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6 Mistakes to Avoid when Protecting Your Customers’ Data

cyber security

In a world of hackers and thieves, it’s imperative you continue to learn how to improve the ways you can you protect your customers’ data. With every transaction they make, they should be assured any personal or financial information they pass on to you is safe. One slip up could herald the end of your online presence, while putting them at risk of financial ruin.

It doesn’t matter whether you’re an online business or portal that serves as a source of information; your visitors’ data should be sacred. So let’s have a look at what mistakes you need to avoid when protecting your customers’ data.

6 Major Mistakes and How to Avoid Them

Here are some of the most common mistakes and how you can correct them. Go through each of the following and see if you’ve made any and – most importantly – try to correct them as soon as possible.

1. Not using protection

Use protection! So true in all areas of life. Make sure you use the latest versions of antivirus and antimalware. Use the latest versions of software, hardware and cloud firewalls. Patch up your software on a regular basis as hackers are always on the lookout for security exploits that they can take advantage of. After all, there’s no such thing as too much protection.

2. Choosing unreliable webhosts

If your website sits on webhosting provider’s server, make sure they are the best hosts in the business. One of the most common mistakes businesses make is choosing a web hosting provider based on their pricelist alone. While that may be one feature to look out for, don’t settle for a choice simply because they offer cheap packages. Learn how to choose the best webhosting provider that takes security seriously, among other features. The optimal hosting solution might cost you a little more now, but it will definitely pay out in the long run.

3. Losing track of accounts

Roles and privileges should always be taken seriously. There really is no reason why one single user should have access to all parts of your website. Define a user and administrator access strategy that will allow everyone to do their job, and just that. Come up with a security policy that will assign roles to each of your employees and stick to it. Let everyone know what their responsibilities are and how much of your website they can access. Delete accounts that are no longer used and revoke accesses of employees who no longer need them.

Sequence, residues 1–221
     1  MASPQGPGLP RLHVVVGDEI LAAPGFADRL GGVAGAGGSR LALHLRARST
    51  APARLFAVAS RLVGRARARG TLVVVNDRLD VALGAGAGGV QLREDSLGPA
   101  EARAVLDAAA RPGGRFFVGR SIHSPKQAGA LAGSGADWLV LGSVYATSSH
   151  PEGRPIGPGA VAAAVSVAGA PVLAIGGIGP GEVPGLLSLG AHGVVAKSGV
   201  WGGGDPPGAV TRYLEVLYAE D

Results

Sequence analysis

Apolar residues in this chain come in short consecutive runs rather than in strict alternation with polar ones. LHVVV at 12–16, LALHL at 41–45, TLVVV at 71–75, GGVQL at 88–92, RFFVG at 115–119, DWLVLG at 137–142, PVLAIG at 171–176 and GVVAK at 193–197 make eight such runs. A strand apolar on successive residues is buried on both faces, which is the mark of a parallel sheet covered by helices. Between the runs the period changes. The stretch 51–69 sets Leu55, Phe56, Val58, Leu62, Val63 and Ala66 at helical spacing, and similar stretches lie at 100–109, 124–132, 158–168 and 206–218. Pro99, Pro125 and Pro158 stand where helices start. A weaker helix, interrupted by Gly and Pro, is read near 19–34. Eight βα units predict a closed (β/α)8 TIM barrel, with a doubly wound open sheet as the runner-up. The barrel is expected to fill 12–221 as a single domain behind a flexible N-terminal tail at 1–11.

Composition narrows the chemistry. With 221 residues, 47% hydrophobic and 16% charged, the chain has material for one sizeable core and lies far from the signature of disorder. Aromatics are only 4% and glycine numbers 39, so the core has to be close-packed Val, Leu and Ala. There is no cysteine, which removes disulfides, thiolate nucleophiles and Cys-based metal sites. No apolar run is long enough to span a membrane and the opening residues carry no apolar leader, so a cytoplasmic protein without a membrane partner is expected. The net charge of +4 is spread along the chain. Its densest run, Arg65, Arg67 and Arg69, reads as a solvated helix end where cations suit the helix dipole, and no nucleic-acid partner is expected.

4. Allowing physical access

Should a hacker or thief gain access to your physical devices, they will have a field day milking them for information. Whenever possible, ask your employees to lock their screens before they move away from their laptops or computers. If you have a server on the premises install a physical security feature that will prevent anyone from touching them without the proper authorization. Remember, compromising a server can be done by simply plugging in a USB stick.

5. Unrestricted remote access

While remote access can help you work on your network from anywhere around the world, it could serve as a gaping hole that the hackers can take advantage of. If you access your clients’ computers remotely, or they can login to yours the same way, make sure the necessary security features are in place. If it is an absolute must that you need to gain access to remote computers or servers, you should consider investing in a VPN.

6. Forgoing data encryption

Data encryption allows you to stay safe even if a breach occurs. Should hackers gain access to your users’ data directly from your databases or sniff your data packets as they go back and forth, they will have no way of using the loot as they will not be able to decipher it. Do some researches on the best data encryption solutions that are widely available on the market and implement the one that fits your business setup the best.

Protect your data today.

You have just seen how an oversight in the hardware, software and access of your business’ infrastructure can expose you to the bad guys. Your new data theft prevention strategy should encompass:

  • Protecting yourself – don’t make it easy for the hackers
  • Not settling for cheap web hosting
  • Drafting a security policy and abiding by it
  • Never letting anyone get near your local servers
  • Using a VPN as remote access comes with higher risks
  • Encrypting your data

Don’t forget to implement all you’ve learned here in your business today. That way, each protection mechanism will serve as a failsafe mechanism in case one or more of your data theft prevention methods fail.

 

 

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